...so let's deal with the social problem that is The Happy Tree Friends.
Apparently, the catalyst for Katharine Ellison's decision to waste my time reading this was catching her 6-year-old watching this online.
First of all, if I may comment, kudos to you, young master Ellison! Your savviness with the internets will hold you in good stead when it comes time to choose a trade.
This article seems to come from the same "it's tough to be a mom" mold as Ayelet Waldman's insufferable works; let's take a look at what passes for insight in this article.
Just when parents thought we knew who our electronic enemies were -- the shoot-'em-up video games, the TVs hawking trans fats, the pedophile e-mail stalkers and teenage-boobs Web sites -- here comes this new swamp-thing mass entertainment: the Internet "Flash cartoon," pared down to pure shock value.
This sounds like what someone making fun of her style might type, but since she insists on flogging this to the public, I suggest that there's exactly one thing in her list that is truly a concern. For everything else, the answer's simple. Don't buy your kids the goddamn videogames, turn off the goddamn TV, and put your computer in the living room so what your kid sees is clearly visible to everyone in the house if you're too goddamn lazy to work the internet filter.
BTW, if Mr. Ellison objects to this last suggestion, he's got a porn file on there somewhere.
OK, now let's discuss the merits of Ms. Ellison's argument.
This whole issue (look what we parents have to worry about!), is of course, nothing new. Marge Simpson dealt with this very issue in the second season of the Simpsons, and Ellison comes to pretty much the same conclusion that Marge does (I guess you can't ban the cartoon, though I'd really like to because I don't like it).
Ms. Ellison's biggest mistake, however, is to make the "when I was your age" argument that earlier cartoons were somehow better:
I know "Tom & Jerry," and this is no "Tom & Jerry." "Tom & Jerry" never pulled knives or tore heads off or used someone's intestines to strangle a third party, just for starters.
"Tom & Jerry" also had creativity, with surprising plot twists and a richly emotive score. Most importantly, "Tom & Jerry" had a conscience. Routinely, Tom attacks Jerry and is punished for his aggression.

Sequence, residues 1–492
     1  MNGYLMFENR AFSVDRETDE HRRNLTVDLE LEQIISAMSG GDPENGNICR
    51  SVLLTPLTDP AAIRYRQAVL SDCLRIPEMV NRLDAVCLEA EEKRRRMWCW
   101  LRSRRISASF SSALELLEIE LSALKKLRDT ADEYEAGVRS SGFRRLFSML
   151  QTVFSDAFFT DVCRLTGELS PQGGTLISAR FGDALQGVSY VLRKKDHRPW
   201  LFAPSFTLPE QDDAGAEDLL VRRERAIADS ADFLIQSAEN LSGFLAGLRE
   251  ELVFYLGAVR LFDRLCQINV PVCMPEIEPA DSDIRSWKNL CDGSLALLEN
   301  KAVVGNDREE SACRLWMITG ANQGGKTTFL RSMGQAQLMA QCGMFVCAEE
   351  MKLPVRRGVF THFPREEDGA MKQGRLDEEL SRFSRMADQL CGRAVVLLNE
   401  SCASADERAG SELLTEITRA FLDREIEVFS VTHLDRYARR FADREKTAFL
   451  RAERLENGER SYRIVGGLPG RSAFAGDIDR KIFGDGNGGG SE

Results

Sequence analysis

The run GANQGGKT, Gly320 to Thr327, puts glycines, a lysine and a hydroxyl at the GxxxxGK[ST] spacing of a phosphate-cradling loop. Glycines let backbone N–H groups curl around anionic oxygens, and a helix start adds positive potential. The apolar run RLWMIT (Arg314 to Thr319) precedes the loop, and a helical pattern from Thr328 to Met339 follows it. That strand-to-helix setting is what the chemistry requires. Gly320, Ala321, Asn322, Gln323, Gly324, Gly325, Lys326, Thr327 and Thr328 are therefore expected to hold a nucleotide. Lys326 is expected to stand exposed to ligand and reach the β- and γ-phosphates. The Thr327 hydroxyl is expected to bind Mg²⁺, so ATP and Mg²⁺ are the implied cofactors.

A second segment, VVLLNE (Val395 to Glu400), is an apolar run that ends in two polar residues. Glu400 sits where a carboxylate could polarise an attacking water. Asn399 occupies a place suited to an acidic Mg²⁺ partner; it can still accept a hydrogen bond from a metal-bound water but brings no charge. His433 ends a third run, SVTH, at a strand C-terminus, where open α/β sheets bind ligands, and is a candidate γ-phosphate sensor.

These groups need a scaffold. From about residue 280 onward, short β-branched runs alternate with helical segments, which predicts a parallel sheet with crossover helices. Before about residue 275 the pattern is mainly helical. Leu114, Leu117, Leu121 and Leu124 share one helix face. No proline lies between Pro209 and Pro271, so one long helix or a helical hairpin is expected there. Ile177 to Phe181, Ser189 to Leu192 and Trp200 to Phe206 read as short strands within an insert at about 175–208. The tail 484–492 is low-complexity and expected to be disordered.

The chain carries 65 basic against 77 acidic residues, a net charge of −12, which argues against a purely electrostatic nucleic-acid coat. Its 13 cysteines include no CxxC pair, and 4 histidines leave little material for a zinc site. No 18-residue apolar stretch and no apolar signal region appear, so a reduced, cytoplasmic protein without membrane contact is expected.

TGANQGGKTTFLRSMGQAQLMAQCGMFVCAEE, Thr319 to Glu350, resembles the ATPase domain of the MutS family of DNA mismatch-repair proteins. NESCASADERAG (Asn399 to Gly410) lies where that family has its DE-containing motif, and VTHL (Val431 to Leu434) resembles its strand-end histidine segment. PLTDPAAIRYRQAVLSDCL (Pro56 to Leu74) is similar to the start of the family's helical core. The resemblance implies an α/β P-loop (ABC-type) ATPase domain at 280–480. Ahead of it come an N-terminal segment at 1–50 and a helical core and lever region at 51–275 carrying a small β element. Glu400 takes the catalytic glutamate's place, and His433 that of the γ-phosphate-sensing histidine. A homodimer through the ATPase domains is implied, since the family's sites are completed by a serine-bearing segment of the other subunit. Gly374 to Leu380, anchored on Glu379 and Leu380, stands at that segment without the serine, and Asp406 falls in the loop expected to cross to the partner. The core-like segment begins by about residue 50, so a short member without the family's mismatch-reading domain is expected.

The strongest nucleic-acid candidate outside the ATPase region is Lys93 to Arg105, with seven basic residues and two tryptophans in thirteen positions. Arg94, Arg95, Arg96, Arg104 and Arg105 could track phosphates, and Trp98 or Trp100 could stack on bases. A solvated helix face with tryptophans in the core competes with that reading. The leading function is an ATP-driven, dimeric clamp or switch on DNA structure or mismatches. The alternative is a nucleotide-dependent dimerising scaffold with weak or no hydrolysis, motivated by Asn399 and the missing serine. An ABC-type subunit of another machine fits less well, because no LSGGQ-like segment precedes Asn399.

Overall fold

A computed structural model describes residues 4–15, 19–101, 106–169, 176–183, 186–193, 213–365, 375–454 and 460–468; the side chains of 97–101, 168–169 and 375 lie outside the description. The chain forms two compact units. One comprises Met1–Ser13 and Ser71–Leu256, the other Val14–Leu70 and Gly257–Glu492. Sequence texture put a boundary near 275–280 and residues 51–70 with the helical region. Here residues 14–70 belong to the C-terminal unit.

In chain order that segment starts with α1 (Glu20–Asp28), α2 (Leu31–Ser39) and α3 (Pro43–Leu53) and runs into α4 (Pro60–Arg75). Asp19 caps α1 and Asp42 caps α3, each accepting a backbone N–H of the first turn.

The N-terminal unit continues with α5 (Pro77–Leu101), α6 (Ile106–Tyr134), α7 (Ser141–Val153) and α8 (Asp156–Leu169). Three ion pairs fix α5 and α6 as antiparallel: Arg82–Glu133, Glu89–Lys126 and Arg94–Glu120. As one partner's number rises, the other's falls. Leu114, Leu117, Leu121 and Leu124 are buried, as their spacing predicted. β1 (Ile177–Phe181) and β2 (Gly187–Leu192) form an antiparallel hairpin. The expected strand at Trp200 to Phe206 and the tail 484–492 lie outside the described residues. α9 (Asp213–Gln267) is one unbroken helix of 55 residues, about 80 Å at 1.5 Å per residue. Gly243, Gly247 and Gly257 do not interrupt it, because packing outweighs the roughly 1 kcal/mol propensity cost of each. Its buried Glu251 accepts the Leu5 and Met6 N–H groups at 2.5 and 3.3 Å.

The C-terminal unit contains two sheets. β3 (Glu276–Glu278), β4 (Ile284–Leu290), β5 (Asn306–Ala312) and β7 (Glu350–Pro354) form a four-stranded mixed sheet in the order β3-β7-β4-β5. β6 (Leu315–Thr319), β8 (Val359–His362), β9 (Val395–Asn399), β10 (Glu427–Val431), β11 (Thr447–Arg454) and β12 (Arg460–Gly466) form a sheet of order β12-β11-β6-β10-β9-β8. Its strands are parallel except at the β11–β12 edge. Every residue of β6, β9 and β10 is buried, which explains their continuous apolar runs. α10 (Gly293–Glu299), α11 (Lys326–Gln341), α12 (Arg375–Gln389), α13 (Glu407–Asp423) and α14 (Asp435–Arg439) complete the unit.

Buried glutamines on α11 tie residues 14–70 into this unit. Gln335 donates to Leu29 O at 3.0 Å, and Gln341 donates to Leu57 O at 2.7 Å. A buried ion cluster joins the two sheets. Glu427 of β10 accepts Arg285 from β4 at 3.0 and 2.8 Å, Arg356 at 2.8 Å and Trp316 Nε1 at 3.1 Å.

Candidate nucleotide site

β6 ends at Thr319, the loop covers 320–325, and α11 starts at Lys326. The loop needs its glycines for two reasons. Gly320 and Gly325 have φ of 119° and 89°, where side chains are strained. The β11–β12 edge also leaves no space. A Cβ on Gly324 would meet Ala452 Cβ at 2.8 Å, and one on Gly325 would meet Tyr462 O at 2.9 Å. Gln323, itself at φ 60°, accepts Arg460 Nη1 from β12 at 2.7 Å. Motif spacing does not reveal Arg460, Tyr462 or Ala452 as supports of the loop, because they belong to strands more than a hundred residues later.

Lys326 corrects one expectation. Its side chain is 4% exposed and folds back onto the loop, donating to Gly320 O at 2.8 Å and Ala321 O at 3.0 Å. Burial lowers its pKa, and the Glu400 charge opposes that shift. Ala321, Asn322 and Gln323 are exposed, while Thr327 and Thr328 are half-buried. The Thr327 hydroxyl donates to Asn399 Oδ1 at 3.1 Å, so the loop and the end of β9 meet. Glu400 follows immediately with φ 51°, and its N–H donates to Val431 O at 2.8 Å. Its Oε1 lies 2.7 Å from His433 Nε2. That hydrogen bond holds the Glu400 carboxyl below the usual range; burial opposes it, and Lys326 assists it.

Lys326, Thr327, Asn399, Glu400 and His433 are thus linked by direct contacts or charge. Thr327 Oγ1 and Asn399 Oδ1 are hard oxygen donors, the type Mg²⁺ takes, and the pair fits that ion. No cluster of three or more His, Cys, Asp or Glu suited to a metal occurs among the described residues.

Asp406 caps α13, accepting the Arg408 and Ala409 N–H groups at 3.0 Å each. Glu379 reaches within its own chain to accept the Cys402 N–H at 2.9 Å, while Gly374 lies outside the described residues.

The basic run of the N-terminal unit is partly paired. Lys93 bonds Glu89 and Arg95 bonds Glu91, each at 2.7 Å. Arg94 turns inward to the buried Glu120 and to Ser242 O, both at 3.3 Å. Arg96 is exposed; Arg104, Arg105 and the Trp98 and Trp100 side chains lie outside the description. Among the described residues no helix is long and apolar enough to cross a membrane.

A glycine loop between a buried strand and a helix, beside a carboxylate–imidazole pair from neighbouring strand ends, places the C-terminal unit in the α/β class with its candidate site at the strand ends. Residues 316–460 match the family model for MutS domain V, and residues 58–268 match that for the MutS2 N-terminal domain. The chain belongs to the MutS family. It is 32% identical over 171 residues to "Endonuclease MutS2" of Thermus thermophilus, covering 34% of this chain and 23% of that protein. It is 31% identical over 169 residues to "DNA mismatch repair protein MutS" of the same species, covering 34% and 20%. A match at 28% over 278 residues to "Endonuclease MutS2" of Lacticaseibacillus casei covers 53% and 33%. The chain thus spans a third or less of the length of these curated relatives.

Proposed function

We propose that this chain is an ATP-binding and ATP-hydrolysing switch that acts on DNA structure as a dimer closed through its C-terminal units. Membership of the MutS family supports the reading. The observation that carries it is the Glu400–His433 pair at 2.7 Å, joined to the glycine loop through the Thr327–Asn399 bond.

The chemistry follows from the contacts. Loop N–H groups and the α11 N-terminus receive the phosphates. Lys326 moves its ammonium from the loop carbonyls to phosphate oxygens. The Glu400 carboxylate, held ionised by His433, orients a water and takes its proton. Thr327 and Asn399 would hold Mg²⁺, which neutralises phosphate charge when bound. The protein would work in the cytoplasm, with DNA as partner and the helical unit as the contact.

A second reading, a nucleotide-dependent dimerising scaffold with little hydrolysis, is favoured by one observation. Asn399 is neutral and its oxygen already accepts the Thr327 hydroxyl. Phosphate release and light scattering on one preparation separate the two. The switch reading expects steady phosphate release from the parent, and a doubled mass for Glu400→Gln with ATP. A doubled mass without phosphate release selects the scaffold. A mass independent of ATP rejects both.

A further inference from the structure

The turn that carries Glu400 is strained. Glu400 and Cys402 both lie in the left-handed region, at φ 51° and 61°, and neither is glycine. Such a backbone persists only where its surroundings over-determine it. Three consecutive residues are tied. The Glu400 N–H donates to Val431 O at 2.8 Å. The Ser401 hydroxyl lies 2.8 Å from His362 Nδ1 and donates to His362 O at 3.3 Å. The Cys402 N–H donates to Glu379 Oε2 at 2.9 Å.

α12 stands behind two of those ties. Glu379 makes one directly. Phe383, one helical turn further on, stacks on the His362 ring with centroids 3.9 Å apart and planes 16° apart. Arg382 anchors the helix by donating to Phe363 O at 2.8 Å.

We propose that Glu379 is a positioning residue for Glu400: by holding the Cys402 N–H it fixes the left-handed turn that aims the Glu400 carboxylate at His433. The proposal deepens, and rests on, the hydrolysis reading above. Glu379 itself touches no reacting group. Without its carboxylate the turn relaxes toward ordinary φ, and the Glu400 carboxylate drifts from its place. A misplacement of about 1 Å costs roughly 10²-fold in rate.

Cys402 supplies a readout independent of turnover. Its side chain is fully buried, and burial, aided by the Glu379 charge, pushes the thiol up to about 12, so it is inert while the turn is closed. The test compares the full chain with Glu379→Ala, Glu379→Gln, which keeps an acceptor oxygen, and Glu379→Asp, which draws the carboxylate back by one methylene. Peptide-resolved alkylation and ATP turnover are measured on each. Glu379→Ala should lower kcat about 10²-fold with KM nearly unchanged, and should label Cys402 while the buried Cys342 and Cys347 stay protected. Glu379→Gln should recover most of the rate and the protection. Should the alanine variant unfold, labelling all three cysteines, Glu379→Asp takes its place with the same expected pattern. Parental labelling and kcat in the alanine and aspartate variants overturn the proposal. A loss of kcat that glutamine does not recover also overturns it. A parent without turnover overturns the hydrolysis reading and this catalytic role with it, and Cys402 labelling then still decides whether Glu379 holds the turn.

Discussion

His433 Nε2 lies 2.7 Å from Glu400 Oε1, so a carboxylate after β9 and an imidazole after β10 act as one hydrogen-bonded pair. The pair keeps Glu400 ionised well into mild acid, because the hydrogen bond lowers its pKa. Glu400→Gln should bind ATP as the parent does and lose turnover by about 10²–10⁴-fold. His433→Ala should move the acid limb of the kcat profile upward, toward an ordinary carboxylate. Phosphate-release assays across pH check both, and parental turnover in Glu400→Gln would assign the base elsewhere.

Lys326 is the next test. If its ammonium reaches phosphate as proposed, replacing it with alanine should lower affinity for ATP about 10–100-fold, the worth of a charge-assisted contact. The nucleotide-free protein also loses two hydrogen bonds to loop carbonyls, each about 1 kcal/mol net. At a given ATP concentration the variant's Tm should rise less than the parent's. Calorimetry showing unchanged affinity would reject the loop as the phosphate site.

You probably noticed that she doesn't really delve into specifics here, and with good reason...
Remember the cartoon "Mouse Trouble"? In that one, Tom hides in a giant birthday package, and Jerry, due to his suspicions, proceeds to shove stickpins into the package at various angles (with Tom's screams in pain heard) and saw the package in half. Jerry then looks in the cut open package, gulps, and holds up a "Is There a Doctor in The House?" sign.
In another cartoon, Tom and another cat try to catch Jerry by prying open the wallboard. As they lift the wall, Jerry smashes Tom's foot with a hammer, and as Tom lets go, the entire board falls on the other cat's fingertips, causing him to scream in excruciating pain. You then cut to Jerry playing the last line of "Yankee Doodle" on the cat's fingertips with the hammer like a xylophone, with the last note also containing a rather satisfying crunching sound as he hits two fingers at the same time.
Yes, Tom & Jerry is rather creative w/its characterizations, esp. the lovable Mammy Two-Shoes, who delighted audiences of all ages. Indeed, one of the important lessons I was taught by cartoons of this era was that if a high-impact explosive were detonated near you your lips would become elongated and pale and you would adopt mannerisms similar to the stylized acting of Mantan Moreland.
And we don't even have to talk about all the others, save to say that "adults" like yours truly can't even buy a DVD of Tom & Jerry that isn't uncensored (not that I'd care, I'd settle for a collection of the criminally overlooked Droopy Dog).
At this point, I must admit that one of my biggest shames growing up was hurting another child in the playground by giving him the ol' Three-Stooges eyepoke after watchin Bugs Bunny do that to the Tazmanian Devil.
I'm glad Ms. Ellison is an accomplished enough writer that she automatically assumes that her wondrous discoveries haven't been discovered by mainstream America. Can't wait to read upcoming articles about the dangers of the rap music...
But if I have a kid, s/he's going to grow up with a fine appreciation of Looney Tunes and Tex Avery, I'd be remiss in my parental duties if I did otherwise.
BTW, if you like the Friends, you might enjoy this cartoon that C. Franz sent me. I'm sure he won't mind,(since he hardly ever updates his blog anymore. And what's up w/that? Being a parent of two wonderful, beautiful daughters is satisfying enough for you? You're saying I don't have a life? Is that it, HUH?)